An Experience of Olympic Proportions

Don SharpeDon Sharpe, Mount Washington Alpine Resort Director of Business Operations, is hard-pressed to come up with one defining story of his Olympic experience this past winter. He pauses, then grins.

He begins to tell a story about how he, Comox Valley Economic Development Officer John Watson, former IPC World Cup Chair Darryl Pippin and Resort Nordic Operations Manager Marc Lyster went to Whistler, B.C. to watch some of the teams they had hosted compete in their respective Winter Olympic events.

The day they were at Whistler, Björn Ferry, a Swedish biathlon star, won a gold medal. One of the Swedish biathlon team members called Sharpe on the phone to tell them Ferry had won, and Sharpe said, “I know he won, we’re here!”

So the team member told Sharpe and his colleagues – none of who had proper accreditation – to come behind the media barrier so they could celebrate too. “He said, ‘they have to come back, they helped us win a gold medal!’”

They were able to celebrate with the team and later attend the gold medal ceremony, as well as share a meal with some of the Swedish team members in the Athletes’ Village. “It was awesome,” Sharpe said.

Nearly seven years after Vancouver was awarded the 2010 Winter Olympics - and the same amount of time Sharpe and the rest of Mount Washington’s staff have been planning their own pre-Olympic events -it’s finally over.

The Resort hosted 400 athletes, coaches and support staff from16 countries prior to the Olympics and Paralympics, and the Comox Valley community embraced “their” athletes: from businesses helping with sponsorships to schoolchildren and other community members cheering on the athletes as they finalized their training at Mount Washington.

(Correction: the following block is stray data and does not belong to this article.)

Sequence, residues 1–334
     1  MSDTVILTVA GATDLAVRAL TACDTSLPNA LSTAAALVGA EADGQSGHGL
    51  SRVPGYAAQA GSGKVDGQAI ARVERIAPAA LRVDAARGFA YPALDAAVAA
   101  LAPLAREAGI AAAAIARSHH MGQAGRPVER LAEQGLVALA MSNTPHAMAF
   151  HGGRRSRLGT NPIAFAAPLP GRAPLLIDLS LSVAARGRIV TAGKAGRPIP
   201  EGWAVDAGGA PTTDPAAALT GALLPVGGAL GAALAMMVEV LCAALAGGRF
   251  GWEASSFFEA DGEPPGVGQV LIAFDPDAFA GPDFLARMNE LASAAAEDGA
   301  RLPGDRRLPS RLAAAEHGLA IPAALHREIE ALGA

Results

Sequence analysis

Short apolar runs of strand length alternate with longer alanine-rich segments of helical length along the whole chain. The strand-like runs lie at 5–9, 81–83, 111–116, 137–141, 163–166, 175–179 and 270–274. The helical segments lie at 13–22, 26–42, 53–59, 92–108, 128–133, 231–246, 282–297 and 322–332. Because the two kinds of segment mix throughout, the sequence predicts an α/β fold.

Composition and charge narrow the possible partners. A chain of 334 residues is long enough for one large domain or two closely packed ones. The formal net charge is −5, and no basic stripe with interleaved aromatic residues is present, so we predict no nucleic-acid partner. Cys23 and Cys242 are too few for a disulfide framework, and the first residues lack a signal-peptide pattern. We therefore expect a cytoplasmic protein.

“It was an amazing experience,” Sharpe said. “It was well worth all of the work over the past seven years to get to where we were.”

Sharpe estimates athletes who first visited Mount Washington won 25 medals, and every single one of them was celebrated in the Comox Valley.

The positive community reception surprised some of the international visitors at first. But “helpfulness” and “friendliness” were two words that Mount Washington Resort President Peter Gibson said he heard repeatedly. “It seemed everyone here wanted to make their day,” Gibson said.

Sharpe and the rest of the Resort team hope that goodwill will foster growth in the credibility it gained them on the international map.

“I think it will be a slow growth,” Sharpe predicted. “What it does is gives us credibility. If we want to host an event we can say we had 400 international athletes here and we blew them away; that’s probably going to be the biggest legacy for us going into the future, is we can provide the testimonials.”

Len Apedaile, past-president of the Strathcona Nordics Cross-Country Ski Club and the former Manager, Cross-Country Skiing for the Vancouver Organizing Committee (VANOC) for the 2010 Olympic and Paralympic Winter Games traveled to Hungary to attend International Ski Federation (FIS) meetings in June. Apedaile wanted to leave FIS officials knowing that Mount Washington is ready to host an international event.

The Resort is also looking into hosting provincial snowboarding and ski-cross events, and perhaps another World Cup event (they’ve hosted two International Paralympic Committee events since 2007).

“It’s building on what we already have,” Sharpe said. “We have world-class trails and will have the Mountain Sports Centre. Let’s put one of our athletes on the podium in 2014.”

Cutline: Don Sharpe (middle) enjoying the Olympic experience with Quatchi and Miga.